Case Study > BIG BIM for the conceptual architect

BIG – Bjarke Ingels Group – is a large, international, conceptual architectural firm based in Copenhagen and New York. BIG has decided to replace Revit with ArchiCAD for the Copenhagen office’s new projects, since it sees ArchiCAD as the more flexible BIM tool that will allow it to gain the most benefits from BIM.

Press Q&A at Giant Japanese Firm Using ArchiCAD

Graphisoft took CAD journalists to Tokyo’s Nikken Sekkei, a firm with 1,200 architects that has standardized on ArchiCAD as their main design software. Last year, Nikken began partnering with Graphisoft to make ArchiCAD better, so some of the new functions are the result of this practical advice.

ArchiCAD Question of the Day – May 11, 2014

Interior walls stick through the exterior in this ArchiCAD training question

In this section, I take a question submitted by a user and answer it, either in writing or with a video.

Email your questions to

You can send me a file with Dropbox – email the link or share a folder to send more than one file.





Today’s question comes from Ben Jacks, a new ArchiCAD user who is going through my QuickStart Course on the ArchiCAD basics:

I have a wall “cleaning up” question. I am unsure if I should resolve it completely or let it go for now:

I have thick exterior walls with a reference line near but not on the outside of the wall. I have thinner interior walls with reference lines that are centered and sometimes on one side of the wall. The walls will eventually be completely different materials (at present they are generic exterior and interior. The are on different (exterior and interior) wall layers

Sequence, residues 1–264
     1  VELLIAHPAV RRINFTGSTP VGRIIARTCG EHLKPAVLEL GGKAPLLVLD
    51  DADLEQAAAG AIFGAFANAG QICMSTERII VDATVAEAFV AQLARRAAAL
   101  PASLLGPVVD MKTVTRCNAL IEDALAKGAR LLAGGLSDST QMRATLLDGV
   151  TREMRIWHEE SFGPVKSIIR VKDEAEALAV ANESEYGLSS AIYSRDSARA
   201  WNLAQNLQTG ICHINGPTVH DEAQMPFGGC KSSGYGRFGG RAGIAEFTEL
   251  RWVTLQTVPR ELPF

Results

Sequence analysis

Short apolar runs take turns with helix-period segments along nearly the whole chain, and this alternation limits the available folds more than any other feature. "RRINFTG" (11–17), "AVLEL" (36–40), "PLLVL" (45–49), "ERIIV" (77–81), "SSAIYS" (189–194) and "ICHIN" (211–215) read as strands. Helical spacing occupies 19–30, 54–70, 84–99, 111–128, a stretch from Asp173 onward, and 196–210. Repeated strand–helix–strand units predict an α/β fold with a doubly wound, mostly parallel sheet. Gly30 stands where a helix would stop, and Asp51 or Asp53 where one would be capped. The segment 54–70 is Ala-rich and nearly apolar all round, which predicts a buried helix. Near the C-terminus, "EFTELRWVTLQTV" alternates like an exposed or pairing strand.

They will not clean up. This is a perpendicular T.  I have tried using “adjust,” intersect, extending the interior manually to the inside, and stretching the reference of the interior to touch the reference of the exterior. Most times the interior wall lines go all the way through the exterior wall and stop at the outside line.

It seems an awkward workaround to stop the interior wall short of the inside.

Can you explain what is going on and what I should do?


The standard Graphisoft template for ArchiCAD 17 has an issue with regards to the intersection priorities for the generic interior and exterior Building Materials. The interior one has a higher priority than the exterior one, so if you’re using these generic materials, you experience this issue.

Fortunately, it is easily fixed. Select both an interior and an exterior wall, then open up the Options menu > Element Attributes > Building Materials. You’ll see the materials highlighted in green that are currently in use by the selected elements. Click on the Priority heading at the top of the list to sort by priority, rather than by name, then drag the Generic Exterior material below the Generic Interior one.


This will make ArchiCAD adjust the Intersection Priority for the exterior material to be higher than the interior material.

Click OK to confirm, and when you return to the floor plan, the walls will clean up the way you expect, with the interior ones giving way to the exterior ones, rather than going all the way through.